Wednesday, September 30, 2009
LONDON (Reuters) - Spending on Internet advertising in Britain grew 4.6 percent in the first half of 2009, outperforming the wider ad sector, which slumped 17 percent, and making it the country's biggest ad medium ahead of TV.
According to the biannual report from the Internet Advertising Bureau (IAB), ad spend on the Internet grew to 1.75 billion pounds, with the medium accounting for 23.5 percent of all spend, ahead of television for the first time.
Guy Phillipson, chief executive of the IAB, told Reuters the jump ahead of TV as the leading medium had come earlier than he expected and that the growth boded well for the rest of the year.
He believes there will be some growth in 2010 for online advertising, and double digit percentage growth by 2011.
"This is a significant milestone," he said. "This is the first major market where online has overtaken television to become the biggest single medium."
Online growth had slowed considerably compared with the 21 percent reported for the first half of 2008, but it still fared far better than television, print and radio, the report by PricewaterhouseCoopers and the World Advertising Research Center said.
"Perhaps surprisingly, a slowing economy has accelerated the migration to digital technology," Eva Berg-Winters of PWC said. "Hence the continuing shift from more traditional forms of advertising to online, which promises return on investment and measurability in a period of instability."
According to the report, the Internet accounted for 23.5 percent of all spend, compared with 18.7 percent in the first half of 2008. Television accounted for 21.9 percent, press display for 18.5 percent and direct mail for 11.5 percent.
The shake-up in market share followed a 16.1 percent fall in television spend, and a more than 20 percent fall in press display, outdoor advertising and directories. Spend on press classified fell 37 percent.
The report confirms the torrid time suffered by commercial media groups of late, such as free-to-air broadcasters, newspapers and radio, which rely on advertising and are now looking for alternative revenue streams.
ITV, Britain's biggest commercial free-to-air broadcaster, said net advertising revenue for the family of ITV channels fell 15 percent in the first half of the year.
The IAB report said the Internet had avoided this slump, due to the strong demand for paid-for search on sites such as Google and resilience shown by classified online ads.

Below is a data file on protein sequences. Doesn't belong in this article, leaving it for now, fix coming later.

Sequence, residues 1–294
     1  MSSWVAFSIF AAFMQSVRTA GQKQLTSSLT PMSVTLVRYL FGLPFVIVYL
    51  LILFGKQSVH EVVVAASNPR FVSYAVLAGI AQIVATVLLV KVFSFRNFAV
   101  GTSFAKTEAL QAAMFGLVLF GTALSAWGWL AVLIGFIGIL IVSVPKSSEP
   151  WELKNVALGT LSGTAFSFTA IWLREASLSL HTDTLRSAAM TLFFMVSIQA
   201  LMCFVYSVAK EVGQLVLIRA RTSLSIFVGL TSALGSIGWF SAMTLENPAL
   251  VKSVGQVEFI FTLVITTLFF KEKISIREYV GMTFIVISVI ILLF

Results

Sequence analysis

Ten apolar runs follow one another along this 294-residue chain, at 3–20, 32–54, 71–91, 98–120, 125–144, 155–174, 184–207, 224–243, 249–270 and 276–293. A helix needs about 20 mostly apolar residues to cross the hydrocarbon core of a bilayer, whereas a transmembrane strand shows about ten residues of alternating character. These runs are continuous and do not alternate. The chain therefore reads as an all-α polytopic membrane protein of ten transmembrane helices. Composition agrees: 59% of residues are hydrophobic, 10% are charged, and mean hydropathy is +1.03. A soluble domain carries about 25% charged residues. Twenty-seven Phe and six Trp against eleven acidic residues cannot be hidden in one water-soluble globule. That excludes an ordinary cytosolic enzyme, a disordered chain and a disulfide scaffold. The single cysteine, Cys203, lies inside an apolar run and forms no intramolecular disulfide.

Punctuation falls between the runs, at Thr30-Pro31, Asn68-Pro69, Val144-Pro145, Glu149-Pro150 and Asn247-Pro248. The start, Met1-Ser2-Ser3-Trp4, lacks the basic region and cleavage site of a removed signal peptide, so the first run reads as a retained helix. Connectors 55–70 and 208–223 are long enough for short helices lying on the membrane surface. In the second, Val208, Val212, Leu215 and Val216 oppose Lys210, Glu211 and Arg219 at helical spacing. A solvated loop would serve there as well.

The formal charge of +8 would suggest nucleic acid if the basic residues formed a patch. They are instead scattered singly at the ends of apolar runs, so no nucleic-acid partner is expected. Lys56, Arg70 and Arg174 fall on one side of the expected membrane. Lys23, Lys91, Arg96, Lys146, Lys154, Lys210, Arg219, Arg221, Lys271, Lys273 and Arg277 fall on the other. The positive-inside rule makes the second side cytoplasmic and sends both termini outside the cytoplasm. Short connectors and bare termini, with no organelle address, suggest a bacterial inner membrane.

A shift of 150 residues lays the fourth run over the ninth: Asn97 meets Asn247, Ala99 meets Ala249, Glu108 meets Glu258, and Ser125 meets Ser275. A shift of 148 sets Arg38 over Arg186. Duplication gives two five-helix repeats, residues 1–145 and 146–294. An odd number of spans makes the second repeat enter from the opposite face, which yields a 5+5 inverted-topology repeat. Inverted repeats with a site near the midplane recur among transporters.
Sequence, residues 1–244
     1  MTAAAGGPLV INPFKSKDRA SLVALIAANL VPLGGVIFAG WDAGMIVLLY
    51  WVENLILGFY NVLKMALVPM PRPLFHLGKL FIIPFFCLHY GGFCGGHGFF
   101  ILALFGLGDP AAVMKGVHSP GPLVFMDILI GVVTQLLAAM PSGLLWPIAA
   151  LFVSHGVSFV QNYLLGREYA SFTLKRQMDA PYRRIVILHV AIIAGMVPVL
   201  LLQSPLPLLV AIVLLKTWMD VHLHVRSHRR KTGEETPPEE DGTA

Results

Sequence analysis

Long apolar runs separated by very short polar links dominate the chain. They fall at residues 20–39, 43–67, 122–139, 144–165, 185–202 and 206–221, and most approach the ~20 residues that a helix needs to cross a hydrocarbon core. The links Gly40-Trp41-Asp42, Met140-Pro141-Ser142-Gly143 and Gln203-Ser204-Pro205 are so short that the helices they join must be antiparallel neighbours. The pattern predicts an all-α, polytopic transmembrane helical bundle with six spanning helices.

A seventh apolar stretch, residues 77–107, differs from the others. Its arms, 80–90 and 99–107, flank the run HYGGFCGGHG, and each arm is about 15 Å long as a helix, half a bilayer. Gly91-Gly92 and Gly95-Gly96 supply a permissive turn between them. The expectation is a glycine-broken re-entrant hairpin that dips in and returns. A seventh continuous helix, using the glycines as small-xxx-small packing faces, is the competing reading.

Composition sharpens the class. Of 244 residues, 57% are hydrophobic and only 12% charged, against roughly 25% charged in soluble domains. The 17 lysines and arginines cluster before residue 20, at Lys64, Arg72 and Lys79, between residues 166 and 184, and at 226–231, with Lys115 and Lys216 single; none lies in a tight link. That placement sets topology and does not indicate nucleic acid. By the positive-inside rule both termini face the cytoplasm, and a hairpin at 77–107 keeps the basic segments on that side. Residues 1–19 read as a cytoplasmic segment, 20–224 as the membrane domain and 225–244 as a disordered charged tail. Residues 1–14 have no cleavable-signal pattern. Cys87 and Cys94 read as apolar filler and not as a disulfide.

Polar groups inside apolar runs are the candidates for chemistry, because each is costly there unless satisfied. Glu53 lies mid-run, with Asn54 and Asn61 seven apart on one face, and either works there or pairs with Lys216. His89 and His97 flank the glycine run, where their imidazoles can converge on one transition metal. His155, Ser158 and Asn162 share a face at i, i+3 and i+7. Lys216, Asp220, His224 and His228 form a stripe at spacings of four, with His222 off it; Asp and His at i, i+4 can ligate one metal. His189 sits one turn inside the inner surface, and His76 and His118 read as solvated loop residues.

Paid-for search grew 6.8 percent from the first half of 2008 to 2009, with marketers investing 1.05 billion pounds, equating to 60 percent of all online advertising expenditure.
Classified adverts, which are moving from print to online, grew by 10.6 percent to 385 million pounds, while online display adverts fell 5.2 percent.
Britain remains the world leader in terms of market share for online advertising, due to the use of online networks to place advertising, the availability of fast and cheap broadband and the popularity of new formats such as video adverts.
(Reporting by Kate Holton, editing by Will Waterman)
From Estelle Morris' (chair of the strategy board at the Institute of Effective Education, University of York) article in today's Guardian:
Most of all, we mustn't lose our enthusiasm or our belief in the power of education to effect change. We've seen a significant shift in people's attitudes to education and learning. The education system has higher expectations; more parents demand higher standards; more people want to go to university; there is less tolerance of underachievement, more appreciation of a broader curriculum.Proposals must be driven by education and not political considerations. What is politically acceptable doesn't always make for good education.
Tuesday, September 29, 2009
Parents in the UK are to be handed a leaflet warning them they must take responsibility for their child's behaviour at school or face sanctions, Children's Secretary Ed Balls will announce.
And it warns parents they could be barred from school premises if they fail to treat staff courteously.
The leaflet says that every parent must respect their school's behaviour policy and the authority of staff.